This dream became a reality in form a car rally for women! Times group have been organizing a Women’s Drive for the past 8 years…this was to bring about the awareness of breast cancer among women. Every year the women used to drive from Mumbai and Pune to Lavasa. This year, they included Bangalore City too and the destination was changed to Goa. A blessing in disguise? Or a higher force at work? Whichever way we want to think, it worked out for us. The icing on the cake was when my friend Nandini asked me to join her team! There was no way I would say ‘No’ for this…I would try everything I could to make this a possibility because I have waited for this too long.

And so things got rolling and we made preparations. Nandini scanned the Internet and came up with reading materials that would help us understand the rally better – This was the TSD rally.

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D – day:

We are excited and thrilled. We were tensed and nervous. The venue from where we are to be flagged off had a festive atmosphere, pulsating with enthusiasm and cloaked with fog – the whole scene was right out of a fairy tale book, surreal. We saw women from diverse professions all decked up…the cars decorated in various themes, the effort they had put in to stand out, to send across a message, every moment was awe inspiring.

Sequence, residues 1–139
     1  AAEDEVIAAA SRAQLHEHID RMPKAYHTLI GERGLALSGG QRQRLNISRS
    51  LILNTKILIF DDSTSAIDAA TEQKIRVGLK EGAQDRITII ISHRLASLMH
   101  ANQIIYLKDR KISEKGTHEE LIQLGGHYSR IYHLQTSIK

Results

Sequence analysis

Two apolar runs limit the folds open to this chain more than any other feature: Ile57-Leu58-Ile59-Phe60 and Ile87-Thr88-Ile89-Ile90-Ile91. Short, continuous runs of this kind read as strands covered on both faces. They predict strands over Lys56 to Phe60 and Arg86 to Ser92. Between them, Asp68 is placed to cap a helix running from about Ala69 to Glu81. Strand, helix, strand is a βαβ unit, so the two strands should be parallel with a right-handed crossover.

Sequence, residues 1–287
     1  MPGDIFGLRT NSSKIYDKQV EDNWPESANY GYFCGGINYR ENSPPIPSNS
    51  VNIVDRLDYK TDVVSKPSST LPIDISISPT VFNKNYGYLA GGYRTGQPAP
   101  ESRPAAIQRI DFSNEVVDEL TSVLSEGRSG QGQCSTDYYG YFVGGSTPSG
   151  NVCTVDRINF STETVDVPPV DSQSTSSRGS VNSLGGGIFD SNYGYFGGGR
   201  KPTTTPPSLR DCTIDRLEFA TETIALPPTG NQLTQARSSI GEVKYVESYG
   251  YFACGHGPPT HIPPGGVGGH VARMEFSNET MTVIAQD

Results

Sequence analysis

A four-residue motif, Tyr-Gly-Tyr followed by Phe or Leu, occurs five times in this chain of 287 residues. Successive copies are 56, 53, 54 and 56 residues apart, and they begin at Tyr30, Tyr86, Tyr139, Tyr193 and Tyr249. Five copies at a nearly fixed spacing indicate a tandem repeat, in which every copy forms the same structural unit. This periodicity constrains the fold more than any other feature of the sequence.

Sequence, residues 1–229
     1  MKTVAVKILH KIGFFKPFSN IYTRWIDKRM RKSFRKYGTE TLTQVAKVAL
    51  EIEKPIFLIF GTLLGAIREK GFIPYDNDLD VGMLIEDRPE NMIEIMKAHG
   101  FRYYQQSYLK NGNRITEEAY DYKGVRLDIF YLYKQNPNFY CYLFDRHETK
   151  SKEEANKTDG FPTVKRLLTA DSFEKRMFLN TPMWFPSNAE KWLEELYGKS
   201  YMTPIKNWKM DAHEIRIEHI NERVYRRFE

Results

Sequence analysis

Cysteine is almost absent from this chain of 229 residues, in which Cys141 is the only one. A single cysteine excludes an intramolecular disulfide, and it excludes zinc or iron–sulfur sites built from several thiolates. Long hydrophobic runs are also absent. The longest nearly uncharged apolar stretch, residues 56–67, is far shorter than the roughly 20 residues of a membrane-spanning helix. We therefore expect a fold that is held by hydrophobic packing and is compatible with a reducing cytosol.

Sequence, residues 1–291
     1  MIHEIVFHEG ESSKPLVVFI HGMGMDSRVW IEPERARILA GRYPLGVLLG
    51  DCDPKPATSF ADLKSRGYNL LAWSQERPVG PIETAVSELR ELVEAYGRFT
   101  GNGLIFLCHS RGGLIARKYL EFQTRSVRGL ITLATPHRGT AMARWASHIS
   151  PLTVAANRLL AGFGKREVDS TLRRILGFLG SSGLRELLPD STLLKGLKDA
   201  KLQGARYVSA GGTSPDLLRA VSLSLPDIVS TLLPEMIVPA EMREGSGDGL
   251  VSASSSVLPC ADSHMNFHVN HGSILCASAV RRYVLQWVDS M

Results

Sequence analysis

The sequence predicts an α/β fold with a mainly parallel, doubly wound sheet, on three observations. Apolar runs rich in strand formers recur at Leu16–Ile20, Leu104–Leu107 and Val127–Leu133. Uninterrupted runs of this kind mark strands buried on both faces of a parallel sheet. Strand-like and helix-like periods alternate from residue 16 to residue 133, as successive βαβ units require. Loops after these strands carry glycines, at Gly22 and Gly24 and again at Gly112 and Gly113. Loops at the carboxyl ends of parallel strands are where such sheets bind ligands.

We had named our team comprising of myself, Nandini and Kala – Bindas Babes, we are both Bindas and can also be babes – a combination of strong and delicate. There were various categories of prizes to be won and one among them was for the best-dressed team. Initially we had decided on “Kacche panche,” a traditional way of wearing a dhoti and Mysore pheta as our attire. Well the logistics did not work out and we ended up wearing a simple dhoti and turbans, the colors of which matched our national flag. After taking lots of photos, collecting our goody bags and breakfast packets…we were set. Our heartbeats could be heard over the music!

We were flagged off amidst cheers and shouts…so far so good. We were so excited to start off our journey that we missed our first turn! First of many blunders we would make.

From then on we never missed our route or the Time Controls. At least, we could read the Tulip Chart!

Well, we do have the credit of reaching our destination first…first among all the zones. Yaayyy!

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The take away from this rally

We did not win any prizes but we had an experience of a lifetime. It was our first car rally, the longest TDS rally in the world as claimed by the organizers, it was my first girl’s road trip and it was a thrilling adventure.